There is a thing called chaos theory which says that everything is interconnected and that nothing happens in isolation. It goes along the lines that a butterfly flapping its wings in Mexico can eventually trigger an earthquake in China. Personally I have never really understood it and like most things that I do not properly understand I am sceptical of it.It was, however, something which came to my mind last week as I watched with growing horror the pictures of the unfolding horror in Japan as it struggled to cope with first earthquake and then tsunami.
I visited Japan for a very brief few days in 2009 on a campaign visit for Amnesty International. I remember being struck as my plane came in to land at Tokyo how different the skyline was from what you would see from a plane landing in a UK city, let alone the approach to Orkney.
A couple of days later looking out a window in the Japanese Ministry of Justice I calculated that the entire population of Lerwick could be fitted into the twin skyscrapers across the park – with quite a few floors left over. That is just a small illustration of how densely populated cities in Japan are. The human cost when the force of nature strikes can only be enormous.
As events have unfolded and as natural disaster has spawned nuclear catastrophe it is worth reflecting on how in a globalised economy we are all inter-connected and how we may yet feel some of the effects of events in the Far East. The impact of the earthquake on Japan’s economy is yet to emerge and what effect, if any, that may have on other economies across the globe is likewise not yet clear. Economies in the west are struggling to sustain a fragile economic recovery and with commodity prices rising rapidly the impact of natural disaster in the east and civil unrest in North Africa and the Middle East tough times lie ahead.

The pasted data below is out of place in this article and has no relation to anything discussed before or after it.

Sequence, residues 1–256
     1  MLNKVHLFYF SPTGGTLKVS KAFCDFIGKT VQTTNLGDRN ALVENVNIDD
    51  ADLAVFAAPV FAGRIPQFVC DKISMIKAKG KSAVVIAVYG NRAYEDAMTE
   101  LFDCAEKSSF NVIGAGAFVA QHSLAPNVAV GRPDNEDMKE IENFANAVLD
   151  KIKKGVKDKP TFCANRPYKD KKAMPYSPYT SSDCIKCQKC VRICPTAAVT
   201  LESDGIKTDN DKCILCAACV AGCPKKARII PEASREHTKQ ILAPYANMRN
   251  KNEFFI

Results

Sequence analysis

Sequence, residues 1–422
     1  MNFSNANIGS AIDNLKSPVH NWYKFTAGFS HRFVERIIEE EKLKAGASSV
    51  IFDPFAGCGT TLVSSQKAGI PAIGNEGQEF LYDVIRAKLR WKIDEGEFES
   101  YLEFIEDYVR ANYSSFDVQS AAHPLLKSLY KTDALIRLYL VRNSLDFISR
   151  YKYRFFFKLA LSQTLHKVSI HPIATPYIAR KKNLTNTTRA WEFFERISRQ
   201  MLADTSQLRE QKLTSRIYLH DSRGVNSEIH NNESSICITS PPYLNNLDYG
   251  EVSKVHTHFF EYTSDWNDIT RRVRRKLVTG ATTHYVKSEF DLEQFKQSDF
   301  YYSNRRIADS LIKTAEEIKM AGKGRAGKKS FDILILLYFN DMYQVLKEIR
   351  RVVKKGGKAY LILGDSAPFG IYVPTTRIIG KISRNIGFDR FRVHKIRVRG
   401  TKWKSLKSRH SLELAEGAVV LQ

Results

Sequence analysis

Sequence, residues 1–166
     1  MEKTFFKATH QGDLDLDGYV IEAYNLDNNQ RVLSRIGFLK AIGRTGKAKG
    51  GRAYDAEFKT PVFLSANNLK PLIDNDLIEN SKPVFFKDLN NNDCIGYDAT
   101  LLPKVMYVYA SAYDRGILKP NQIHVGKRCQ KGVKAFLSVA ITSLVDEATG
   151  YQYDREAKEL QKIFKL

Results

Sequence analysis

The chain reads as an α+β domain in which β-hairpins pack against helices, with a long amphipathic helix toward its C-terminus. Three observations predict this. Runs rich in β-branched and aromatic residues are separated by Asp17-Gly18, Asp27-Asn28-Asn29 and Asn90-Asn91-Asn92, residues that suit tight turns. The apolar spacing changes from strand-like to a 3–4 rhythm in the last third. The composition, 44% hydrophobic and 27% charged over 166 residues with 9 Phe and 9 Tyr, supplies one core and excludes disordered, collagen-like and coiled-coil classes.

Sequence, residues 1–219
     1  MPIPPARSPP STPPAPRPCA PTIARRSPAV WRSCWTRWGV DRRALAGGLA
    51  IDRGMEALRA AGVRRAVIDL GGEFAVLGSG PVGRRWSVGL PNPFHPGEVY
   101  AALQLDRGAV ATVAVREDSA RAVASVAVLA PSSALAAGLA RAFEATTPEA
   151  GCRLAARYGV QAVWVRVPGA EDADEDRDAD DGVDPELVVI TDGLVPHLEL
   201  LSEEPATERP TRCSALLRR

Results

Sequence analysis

Closer to home, Tuesday night saw me in Kirkwall Town Hall for the consultation meeting run by the Maritime Coastguard Agency on its proposal to close the Shetland coastguard station. Having already been at the equivalent event in Shetland I knew what to expect but it still left as many questions in my mind as it provided answers. One of the questioners in the hall asked if control of the coastguard should be devolved to Edinburgh. This might seem tempting at first sight but how many coastguard stations you have and where is a question of policy – where you make that decision is a question of governance.
You should never decide a question of governance just because you do not like the policy. Let us not forget that this time last year we had a Scottish transport minister in Edinburgh who thought he could take away our lifeline ferry service in order to make a grand gesture to “rescue” people “stranded” in Norway as a result of the ash cloud. Just because a decision is made in Edinburgh is no guarantee that it will be the right one.
Alistair Carmichael MP